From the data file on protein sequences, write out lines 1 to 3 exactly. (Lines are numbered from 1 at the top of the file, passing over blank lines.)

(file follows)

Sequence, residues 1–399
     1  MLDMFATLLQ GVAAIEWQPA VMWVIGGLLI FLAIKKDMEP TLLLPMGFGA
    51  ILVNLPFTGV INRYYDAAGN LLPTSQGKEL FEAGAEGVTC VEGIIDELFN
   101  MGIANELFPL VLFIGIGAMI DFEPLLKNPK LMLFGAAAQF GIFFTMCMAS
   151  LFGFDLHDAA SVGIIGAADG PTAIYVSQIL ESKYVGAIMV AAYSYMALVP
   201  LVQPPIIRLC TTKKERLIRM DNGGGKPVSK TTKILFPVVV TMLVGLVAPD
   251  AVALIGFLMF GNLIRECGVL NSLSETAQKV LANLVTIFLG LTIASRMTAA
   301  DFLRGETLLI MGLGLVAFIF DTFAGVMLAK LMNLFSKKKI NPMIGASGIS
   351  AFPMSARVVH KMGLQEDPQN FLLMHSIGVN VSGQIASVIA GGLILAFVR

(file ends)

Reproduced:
Sequence, residues 1–399
     1  MLDMFATLLQ GVAAIEWQPA VMWVIGGLLI FLAIKKDMEP TLLLPMGFGA
    51  ILVNLPFTGV INRYYDAAGN LLPTSQGKEL FEAGAEGVTC VEGIIDELFN